One of the things I have most enjoyed about making art with my daughter, Sonja, is that she often pushes me out of my comfort zone. It happened again yesterday. This time it wasn't getting me to do something new in my own art, but getting me to help her on one of her projects.
Many years ago she took a couple of mask-making classes from Eric Bornstein at the Cambridge Adult Education Center. For a while now she has been wanting to get back to that again, but needed to make a plaster cast of her face. This wasn't something she could do by herself, so she asked me to do it. She had the day off yesterday so I went over in the afternoon so we could try this.
I don't know just why, but the idea really freaked me out. It was somehow terrifying to think about covering all but her nostrils with plaster of Paris. After a few minutes of panic, I screwed up my courage and we moved forward.
Everything was all set, so I just had to take a deep breath and move forward. Sonja had the scary part, but I was the one who was afraid.
The baseball cap didn't stay on, but the underneath layer of plastic wrap still protected her hair. She put Vaseline over the main part of her face, but I had to do her eyes. She needed quite a thick layer over her eyebrows and eyelashes. Putting that glop on her eyes was scary, but I didn't have much choice at that point.
Though it feels backwards to me, I am going to share my work in progress before telling you about what I completed. Writing about them in this order isn't totally backwards as the new one grew from the gelatin printing session I talked about in my last post. So it's sort of like finishing one story before starting the next.
Those who know me well, know that I always like to have a handwork project going. It's what I do in the evenings when we are watching TV. I need to keep my hands busy. If I'm not stitching, I'm playing solitaire on my tablet - but stitching makes me feel better. So I like to start something new as soon as I can after finishing a work. Since I'd just done a bunch of prints in my session with Sonja and Tyler, I looked at those first to see if one called my name. Thankfully an idea came together fairly quickly. I decided I liked one of my gelatin prints with a commercial print I've had for a long time.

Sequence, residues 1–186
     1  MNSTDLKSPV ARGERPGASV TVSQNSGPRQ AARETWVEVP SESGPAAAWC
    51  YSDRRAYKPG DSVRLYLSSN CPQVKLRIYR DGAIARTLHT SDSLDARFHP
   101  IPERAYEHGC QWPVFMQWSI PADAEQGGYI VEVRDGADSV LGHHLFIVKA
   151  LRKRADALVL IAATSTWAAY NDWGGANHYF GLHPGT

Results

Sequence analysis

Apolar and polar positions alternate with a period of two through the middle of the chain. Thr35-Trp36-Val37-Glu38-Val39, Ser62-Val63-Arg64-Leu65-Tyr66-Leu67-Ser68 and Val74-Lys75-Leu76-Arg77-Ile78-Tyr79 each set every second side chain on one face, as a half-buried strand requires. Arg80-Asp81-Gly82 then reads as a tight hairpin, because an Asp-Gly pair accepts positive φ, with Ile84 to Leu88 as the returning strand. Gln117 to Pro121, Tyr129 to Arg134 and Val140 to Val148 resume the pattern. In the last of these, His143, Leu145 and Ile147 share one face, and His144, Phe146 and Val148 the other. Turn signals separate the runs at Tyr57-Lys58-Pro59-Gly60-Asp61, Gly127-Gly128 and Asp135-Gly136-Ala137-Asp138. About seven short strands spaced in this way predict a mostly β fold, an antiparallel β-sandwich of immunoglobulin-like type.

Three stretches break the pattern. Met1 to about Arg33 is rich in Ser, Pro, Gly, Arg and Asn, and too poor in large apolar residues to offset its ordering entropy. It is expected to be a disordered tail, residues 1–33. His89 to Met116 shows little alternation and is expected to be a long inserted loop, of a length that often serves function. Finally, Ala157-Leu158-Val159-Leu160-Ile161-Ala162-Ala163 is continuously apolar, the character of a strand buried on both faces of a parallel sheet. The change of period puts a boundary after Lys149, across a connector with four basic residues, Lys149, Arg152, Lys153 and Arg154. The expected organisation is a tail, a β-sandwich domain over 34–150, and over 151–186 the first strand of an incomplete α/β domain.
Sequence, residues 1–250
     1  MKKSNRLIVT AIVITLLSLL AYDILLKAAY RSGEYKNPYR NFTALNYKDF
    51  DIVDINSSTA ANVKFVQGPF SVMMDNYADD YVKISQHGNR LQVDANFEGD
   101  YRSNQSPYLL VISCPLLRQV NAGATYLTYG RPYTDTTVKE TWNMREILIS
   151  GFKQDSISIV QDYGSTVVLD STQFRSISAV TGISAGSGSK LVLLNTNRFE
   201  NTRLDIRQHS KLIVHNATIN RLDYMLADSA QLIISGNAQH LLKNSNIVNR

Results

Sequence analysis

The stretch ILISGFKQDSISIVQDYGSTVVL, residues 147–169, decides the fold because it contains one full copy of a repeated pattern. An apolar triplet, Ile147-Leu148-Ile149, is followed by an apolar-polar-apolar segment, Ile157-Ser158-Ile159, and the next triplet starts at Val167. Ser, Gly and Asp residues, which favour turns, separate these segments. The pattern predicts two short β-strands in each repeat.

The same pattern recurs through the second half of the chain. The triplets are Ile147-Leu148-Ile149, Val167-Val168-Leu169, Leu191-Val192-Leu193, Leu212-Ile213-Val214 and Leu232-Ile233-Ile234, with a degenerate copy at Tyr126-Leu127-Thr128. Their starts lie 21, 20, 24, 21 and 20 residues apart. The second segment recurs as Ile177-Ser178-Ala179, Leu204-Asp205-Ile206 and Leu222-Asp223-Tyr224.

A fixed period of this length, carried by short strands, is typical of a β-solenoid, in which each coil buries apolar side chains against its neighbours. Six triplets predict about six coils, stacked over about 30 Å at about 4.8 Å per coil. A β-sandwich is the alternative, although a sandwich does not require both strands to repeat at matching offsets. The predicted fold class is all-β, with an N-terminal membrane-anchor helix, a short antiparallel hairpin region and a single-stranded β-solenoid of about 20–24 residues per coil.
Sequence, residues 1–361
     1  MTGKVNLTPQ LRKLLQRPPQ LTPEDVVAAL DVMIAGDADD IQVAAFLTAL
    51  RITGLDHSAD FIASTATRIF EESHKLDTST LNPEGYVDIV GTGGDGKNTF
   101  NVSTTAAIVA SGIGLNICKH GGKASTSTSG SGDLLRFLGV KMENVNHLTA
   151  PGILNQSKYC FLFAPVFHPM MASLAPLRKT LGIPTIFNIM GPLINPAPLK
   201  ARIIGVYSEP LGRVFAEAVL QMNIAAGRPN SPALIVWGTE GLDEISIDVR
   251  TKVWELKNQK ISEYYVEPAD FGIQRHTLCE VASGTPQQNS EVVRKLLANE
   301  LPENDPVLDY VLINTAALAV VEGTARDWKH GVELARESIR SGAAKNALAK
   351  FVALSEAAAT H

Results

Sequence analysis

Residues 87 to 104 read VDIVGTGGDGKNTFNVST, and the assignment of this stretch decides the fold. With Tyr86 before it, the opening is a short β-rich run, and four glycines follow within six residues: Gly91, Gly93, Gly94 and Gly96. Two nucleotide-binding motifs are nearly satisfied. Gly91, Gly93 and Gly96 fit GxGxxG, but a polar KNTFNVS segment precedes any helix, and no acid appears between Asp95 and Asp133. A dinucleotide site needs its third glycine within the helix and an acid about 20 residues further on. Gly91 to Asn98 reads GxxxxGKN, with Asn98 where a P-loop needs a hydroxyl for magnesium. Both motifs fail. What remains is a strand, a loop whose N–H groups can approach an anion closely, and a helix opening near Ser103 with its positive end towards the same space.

The picture on the left shows the very beginning and the one on the right, my progress so far. (I got a lot of stitching done last Friday - while waiting at Sonja's for a plumber who never showed up.)
The "leaves" I've layered in so far are pieces of some dyed silk cocoons I bought in Vancouver last year. My current plan includes adding a few skeleton leaves as well, but those need to go on near the end so they don't get mangled from the stitching process. I also need to figure out just how I am going to attach them. ...more to come on this one. Looking at it here on the screen is giving me some additional ideas.
And FYI - my photography skills are not the greatest - the coloring of the picture on the right is more true to the work.
And the finished work
The piece I had just finished was a bit of craziness that I am calling "Let Your Light Shine." This one is a bit out-of-the-box for me, but good follow-on to the one I called "Fighting the Blues." (See my October post.) It started with a gift bag.
And I just kept going, adding stitching, and sequins, and the word "shine" over it all; having a ball with it. Then one day a song playing during my morning water fitness class gave me the title. Everything was coming together fine. I finished all my embellishing and was going to just press it and mount it when a bit of a disaster happened that almost sent it to the scrap heap.
I let the iron get too hot before giving it a final press and when I touched the iron to that papery backing, I melted a good chunk of the edge. It was really a stupid mistake.
Luckily the front fabric was fine, but still the gouge was readily apparent. I had so much invested in it at that point I sure didn't want to just scrap it without trying to fix it somehow. So I decided to try to a technique I hadn't used in a very long time--to use my heat gun to distress the edges of the backing material all the way around. It was a bit dicey to do because I needed a Teflon sheet underneath it to protect my ironing board and another between the sheer layer and the backing fabric. I didn't want to melt the sheer fabric. In the end it turned out to be one of those happy accidents. I think the distressed edges work very well, especially the patterning in the Helene Davis hand-dyed cotton that I'd decided on for the background.
The finished piece is wild and crazy, but it makes me happy to look at it.
I've mentioned several times now how happy Sonja and I have been with our weekly Art Nights. We meet at the library to stitch and share. Since Sonja had the day off yesterday we met at her house instead of the library. That meant we could do something more involved than stitching, but it also meant involving 3-year-old Tyler. So yesterday we introduced him to one of our favorite messy projects--gelatin printing. He loved it and we had a blast.